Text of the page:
On a frosty winter morning, the chamber and its members fought the snow and ice to battle the first chamber meeting of the year, greeted by the warmth of ever-welcoming Hastings Centre.
And just to warm us up a little more, the leader of Hastings Borough Council, Councillor Peter Chowney joined us to discuss the chill wind that continues to blow through Council coffers, explaining that they are facing yet another gap in the budget for the coming year of over £3 million – 20 percent of the total net budget.
Presenting to a packed-out room, Chowney explained how HBC have had to cover that gap due to the cuts to the Revenue Support Grant, the primary grant received from central government, by a mixture of service cuts, efficiency savings, and income generation.
‘We’ve had to replace reductions in funding wherever we can by raising money locally. We’ve done this by increasing fees and charges, raising Council Tax by approximately 15p per week, and other income generation, notably commercial property purchases, which have generated over £700,000 a year in additional net annual income. ‘Overall this will cover about half the gap, and we’ll have to take around £1.8m from reserves over the coming year to find further savings or generate additional income to cover that gap next year.’
Although local councils have no control over the level of business rates, HBC is participating in an East Sussex pilot scheme this year whereby 75 per cent of the business rates collected in Hastings is retained locally, rather than the current 50 per cent. However, describing this as “75 per cent local business rate retention” is misleading. Hastings Council will retain 44 per cent of the business rates, with 27 per cent going to the county council and four per cent to the East Sussex Fire and Rescue Service.
“That means Hastings Council would theoretically get to keep £9.5m in business rates – except that many local authorities are subject to a business rate ‘tariff’ which means Hastings gives £5.5m of this to the government so they can redistribute it to other councils, with some of it possibly coming back as a ‘top-up’. The overall result will potentially allow Hastings to gain £50,000, but all the while losing many times that in government grants.”
However, it’s not all bad news, ‘We will continue to bid for external grants to fund projects that help us meet our priorities, he said. “We’ve been very successful at this, raising millions over the last couple of years for additional targeted support for rough sleepers, a series of employment and community development projects in the most deprived parts of town, improvements to the seafront, funding to help our local fishery, and more.’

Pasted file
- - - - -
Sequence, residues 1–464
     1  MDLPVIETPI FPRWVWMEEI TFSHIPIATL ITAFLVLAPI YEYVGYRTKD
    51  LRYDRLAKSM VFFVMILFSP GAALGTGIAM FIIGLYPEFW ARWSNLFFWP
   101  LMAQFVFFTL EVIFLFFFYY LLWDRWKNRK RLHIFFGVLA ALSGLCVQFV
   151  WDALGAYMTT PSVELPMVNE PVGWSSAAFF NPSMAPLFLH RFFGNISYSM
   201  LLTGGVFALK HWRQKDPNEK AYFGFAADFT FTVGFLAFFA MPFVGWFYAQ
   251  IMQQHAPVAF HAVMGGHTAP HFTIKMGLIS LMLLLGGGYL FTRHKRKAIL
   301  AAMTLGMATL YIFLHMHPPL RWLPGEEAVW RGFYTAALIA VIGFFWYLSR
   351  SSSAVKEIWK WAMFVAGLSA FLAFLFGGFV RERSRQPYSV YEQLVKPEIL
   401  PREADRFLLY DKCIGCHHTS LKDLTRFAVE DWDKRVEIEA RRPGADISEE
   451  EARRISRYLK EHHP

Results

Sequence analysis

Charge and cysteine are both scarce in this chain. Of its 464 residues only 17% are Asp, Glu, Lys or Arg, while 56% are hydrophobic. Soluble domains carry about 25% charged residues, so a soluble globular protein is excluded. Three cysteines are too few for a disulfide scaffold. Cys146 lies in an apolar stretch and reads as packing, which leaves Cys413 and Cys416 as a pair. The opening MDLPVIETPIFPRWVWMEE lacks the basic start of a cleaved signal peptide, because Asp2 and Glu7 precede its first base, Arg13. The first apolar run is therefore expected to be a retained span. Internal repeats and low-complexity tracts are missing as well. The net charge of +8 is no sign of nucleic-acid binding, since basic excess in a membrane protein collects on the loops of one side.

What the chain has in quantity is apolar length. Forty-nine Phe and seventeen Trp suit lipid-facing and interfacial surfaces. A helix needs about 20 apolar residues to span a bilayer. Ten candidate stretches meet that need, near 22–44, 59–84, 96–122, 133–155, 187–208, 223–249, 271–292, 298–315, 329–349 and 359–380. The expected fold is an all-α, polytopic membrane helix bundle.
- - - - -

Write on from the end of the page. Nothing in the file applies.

‘We’re also bringing our street cleaning service back in-house, running it directly rather than through an external contractor. This will give us more control over the service, making it more responsive and helping us to improve standards of cleanliness across the town. We’ll also continue to look at new ways to tackle the challenges we’re facing, including homelessness, deprivation, and climate change, as well as continuing existing cultural regeneration initiatives which have helped the local economy.’
‘We will continue to generate new income where possible, for example through our own housing company that will both buy existing housing and start developing council-owned sites, energy generation, and other projects. We’ll also be investigating marketing our ‘My Hastings’ online reporting and payments framework to other councils.
As well as this, the council are seeking to gain external funding from SELEP (South East Local Enterprise Partnership) to create new start-up business units, and that they are planning short term revenue generation with the redevelopment of in-house waste services Direct Service Organisation and development of housing.
This year will be HBC’s toughest budget ever, but Chowney remained relatively optimistic and hopeful over, regarding the Governments Fair Funding Review is taking place this year he suggested that ‘we are not holding out for any further funding, hoping we don’t recieve less.’ The review will set new baseline funding allocations for local authorities based on an assessment of their relative needs and resources, using the best available evidence, “We will do all we can to be more efficient, improve our performance and customer care, and get the very best for local people and businesses while also focussing on the longer-term vision of redeveloping our leisure and cultural assets with flagship projects such as the Bohemia Quarter into something that will attract visitors and users of the area.”
We also heard from Carole Dixon from Education Futures Trust on the plans for The Firs, also known as Health & Wellbeing Hub in North East Hastings. Its goal is to enable the local community to access services and information and to improve the health & wellbeing of those living locally with multiple outdoor facilities and sustainable green space. CCG funding has been allocated to set up the systems to enable this to happen and they’re looking for your views. Please take a look at their website and their concept master plan for more information.
Moreover, for those looking for adventure, Carole has kindly offered free meals at EFT’s newest venture, the Aspiring Chefs Programme at Stade Hall. You can find out more from this link on the flyer, but if you email Carole or call 01424 722241, you can book your cover at the restaurant for a reduced fee, helping to make a positive impact for secondary school pupils have a chance to experience first-hand kitchen experience with professional chefs, and catch yourself a top grade sustainable seafood meal.
See you later this month as we take a trip to North Bexhill to chamber members’ Park Holidays offices, in conjunction with Institute of Directors, to hear from Agent, Andrew Holder, for our February breakfast briefing with the Bank of England.